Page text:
Is Pharos Worth It?

by Curtis Dozier, Director of Pharos

A reader wrote with a question that a few of the specialists we’ve contacted for comment have also raised.  It’s one I wonder about every day that I work on Pharos.

Is it really worth taking seriously, and replying to, posts by such nutcakes? These are nobodies, and nobody cares what they say. Why draw attention to it and thereby gratify them?

My candid answer is that I don’t know whether it’s worth it, I don’t know whether it helps or hurts to make people aware that these sites exist, and I don’t know whether this kind of attention gratifies them or not. I don’t know how one could know, in fact. But I’ve decided that raising awareness of these appropriations and creating a forum where interested specialists can contribute to responses is preferable to ignoring them, because:

  • I don’t think it is correct to say that “no one cares what these people think.” The pages that Pharos documents have active comment sections, sometimes with hundreds of contributions. Misogynist site Return of Kings has 20,000 followers on Twitter and gets enough traffic to attract advertisers. There are 41,000 posts in the “New Members Introduce Yourselves” forum on the white supremacist message board Stormfront.org, which uses the Parthenon in one of its logos. People care what they think.
  • If it is true that the election of Donald Trump — whose own supporters have appropriated antiquityhas emboldened white nationalists and other hateful ideologies in this country, and if it’s true that white supremacists are targeting college campus more than ever before, then I believe we should be taking these appropriations of the past seriously.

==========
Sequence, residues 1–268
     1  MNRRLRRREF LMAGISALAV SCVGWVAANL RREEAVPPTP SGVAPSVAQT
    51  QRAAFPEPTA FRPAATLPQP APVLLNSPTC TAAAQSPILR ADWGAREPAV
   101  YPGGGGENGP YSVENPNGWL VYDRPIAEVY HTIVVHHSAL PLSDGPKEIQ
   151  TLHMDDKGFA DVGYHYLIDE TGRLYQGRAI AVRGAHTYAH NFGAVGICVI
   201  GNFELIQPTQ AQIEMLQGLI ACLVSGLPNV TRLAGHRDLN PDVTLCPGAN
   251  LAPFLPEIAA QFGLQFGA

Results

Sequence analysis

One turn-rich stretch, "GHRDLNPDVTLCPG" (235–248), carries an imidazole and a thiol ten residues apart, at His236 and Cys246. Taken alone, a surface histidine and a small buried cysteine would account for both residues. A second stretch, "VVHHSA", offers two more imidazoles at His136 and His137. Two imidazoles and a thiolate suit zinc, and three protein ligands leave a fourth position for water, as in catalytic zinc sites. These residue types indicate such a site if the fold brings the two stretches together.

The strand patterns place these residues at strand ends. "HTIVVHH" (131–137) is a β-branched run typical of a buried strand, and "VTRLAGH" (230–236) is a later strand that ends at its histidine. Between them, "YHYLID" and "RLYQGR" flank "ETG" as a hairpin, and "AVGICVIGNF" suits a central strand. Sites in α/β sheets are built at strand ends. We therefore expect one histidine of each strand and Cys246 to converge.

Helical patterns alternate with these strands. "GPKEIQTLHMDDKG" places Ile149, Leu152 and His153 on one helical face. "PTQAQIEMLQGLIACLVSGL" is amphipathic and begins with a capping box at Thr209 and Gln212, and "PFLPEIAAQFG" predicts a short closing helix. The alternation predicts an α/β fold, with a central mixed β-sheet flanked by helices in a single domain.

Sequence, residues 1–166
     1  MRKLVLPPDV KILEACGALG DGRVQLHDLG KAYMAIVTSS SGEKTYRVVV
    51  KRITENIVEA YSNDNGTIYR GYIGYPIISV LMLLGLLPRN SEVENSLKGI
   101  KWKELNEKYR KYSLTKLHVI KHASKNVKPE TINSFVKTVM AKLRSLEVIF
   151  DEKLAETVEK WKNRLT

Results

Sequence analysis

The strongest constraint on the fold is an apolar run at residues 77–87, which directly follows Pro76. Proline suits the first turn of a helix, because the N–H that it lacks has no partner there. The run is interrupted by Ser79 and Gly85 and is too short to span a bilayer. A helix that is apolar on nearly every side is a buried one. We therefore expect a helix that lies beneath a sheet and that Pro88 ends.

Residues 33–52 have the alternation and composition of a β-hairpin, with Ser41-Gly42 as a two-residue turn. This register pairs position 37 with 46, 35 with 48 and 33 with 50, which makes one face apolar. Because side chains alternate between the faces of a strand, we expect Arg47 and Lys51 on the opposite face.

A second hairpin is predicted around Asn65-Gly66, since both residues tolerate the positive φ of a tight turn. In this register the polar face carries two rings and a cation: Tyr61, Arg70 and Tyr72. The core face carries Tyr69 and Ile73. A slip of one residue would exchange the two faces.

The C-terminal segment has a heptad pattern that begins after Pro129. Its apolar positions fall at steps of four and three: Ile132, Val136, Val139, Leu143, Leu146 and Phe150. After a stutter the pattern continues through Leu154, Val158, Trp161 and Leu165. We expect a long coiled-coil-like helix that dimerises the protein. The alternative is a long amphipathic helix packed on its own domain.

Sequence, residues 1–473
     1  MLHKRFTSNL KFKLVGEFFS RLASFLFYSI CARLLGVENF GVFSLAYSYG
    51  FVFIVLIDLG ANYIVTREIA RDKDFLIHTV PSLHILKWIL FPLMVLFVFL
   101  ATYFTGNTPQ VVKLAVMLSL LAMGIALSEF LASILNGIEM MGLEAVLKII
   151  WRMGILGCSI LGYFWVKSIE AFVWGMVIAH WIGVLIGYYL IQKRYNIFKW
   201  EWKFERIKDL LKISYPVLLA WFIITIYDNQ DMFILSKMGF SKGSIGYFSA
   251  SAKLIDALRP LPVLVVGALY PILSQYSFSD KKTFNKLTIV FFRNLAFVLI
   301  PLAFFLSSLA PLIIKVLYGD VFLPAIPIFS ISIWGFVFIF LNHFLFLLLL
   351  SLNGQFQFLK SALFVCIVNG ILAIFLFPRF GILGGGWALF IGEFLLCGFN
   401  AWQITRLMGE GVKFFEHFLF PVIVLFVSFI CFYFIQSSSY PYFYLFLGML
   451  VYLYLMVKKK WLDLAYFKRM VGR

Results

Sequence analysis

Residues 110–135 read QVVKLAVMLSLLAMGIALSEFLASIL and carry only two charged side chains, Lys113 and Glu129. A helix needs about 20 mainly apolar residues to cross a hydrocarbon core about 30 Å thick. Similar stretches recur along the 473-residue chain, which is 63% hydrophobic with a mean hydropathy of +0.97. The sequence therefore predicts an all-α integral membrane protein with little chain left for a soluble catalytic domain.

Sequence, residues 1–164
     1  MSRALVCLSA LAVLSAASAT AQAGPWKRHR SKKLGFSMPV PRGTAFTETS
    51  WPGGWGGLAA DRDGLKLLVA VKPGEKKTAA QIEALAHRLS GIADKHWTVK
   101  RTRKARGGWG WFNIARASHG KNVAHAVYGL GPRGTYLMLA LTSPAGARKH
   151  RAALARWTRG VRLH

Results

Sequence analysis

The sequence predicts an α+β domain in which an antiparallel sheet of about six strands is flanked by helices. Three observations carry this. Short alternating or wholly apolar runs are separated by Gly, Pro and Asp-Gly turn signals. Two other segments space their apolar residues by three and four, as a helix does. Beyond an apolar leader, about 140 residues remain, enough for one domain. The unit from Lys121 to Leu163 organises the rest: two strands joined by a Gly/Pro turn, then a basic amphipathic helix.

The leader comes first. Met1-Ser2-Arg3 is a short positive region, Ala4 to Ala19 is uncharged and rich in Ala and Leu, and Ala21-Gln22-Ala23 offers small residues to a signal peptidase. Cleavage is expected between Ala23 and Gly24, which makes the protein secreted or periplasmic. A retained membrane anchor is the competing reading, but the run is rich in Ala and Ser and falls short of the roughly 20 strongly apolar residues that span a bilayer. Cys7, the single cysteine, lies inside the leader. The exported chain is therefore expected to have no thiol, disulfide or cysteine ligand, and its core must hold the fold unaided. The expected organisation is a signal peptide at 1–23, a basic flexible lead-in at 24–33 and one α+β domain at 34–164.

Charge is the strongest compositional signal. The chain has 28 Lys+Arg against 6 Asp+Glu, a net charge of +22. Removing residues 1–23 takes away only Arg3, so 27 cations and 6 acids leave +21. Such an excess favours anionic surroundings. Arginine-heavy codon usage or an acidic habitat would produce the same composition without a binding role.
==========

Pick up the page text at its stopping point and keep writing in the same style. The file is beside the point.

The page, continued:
• I am told that many people responded to Donna Zuckerberg’s “How to be a good classicist under a bad emperor” by asking “Is this really a problem? Do people like this really know about or care about antiquity?” At Pharos we have a database of over 100 such appropriations and we’re adding more every day. If even specialists working in Classics are unaware of these appropriations it seems preferable for the public to know this is happening rather than to leave it in the shadows.
  • Organizations that I respect — Pro Publica, the Southern Poverty Law Center, the Anti-Defamation League — have decided it is worthwhile to document hate.
  • The field of Classical Studies, including professional scholars working in it, has been complicit in hateful ideology in the past. Pharos is my way of publicly rejecting that history and of giving others an opportunity to do so if they wish. I believe this has value.
  • The harassment others have endured for engaging in work like this suggests that this kind of attention does not gratify our opponents. From what I understand, scholars who are women and of color are more likely to experience harassment of this type. Pharos is one way of acting in solidarity with those scholars. It can also be a venue for specialists who wish to avoid harassment to contribute to resisting the appropriations we document.
  • Finally, at a time when the humanities seem to be valued less than ever, Pharos shows why it is essential to human progress that specialist knowledge of the material we study continue to be developed and articulated.

 

 

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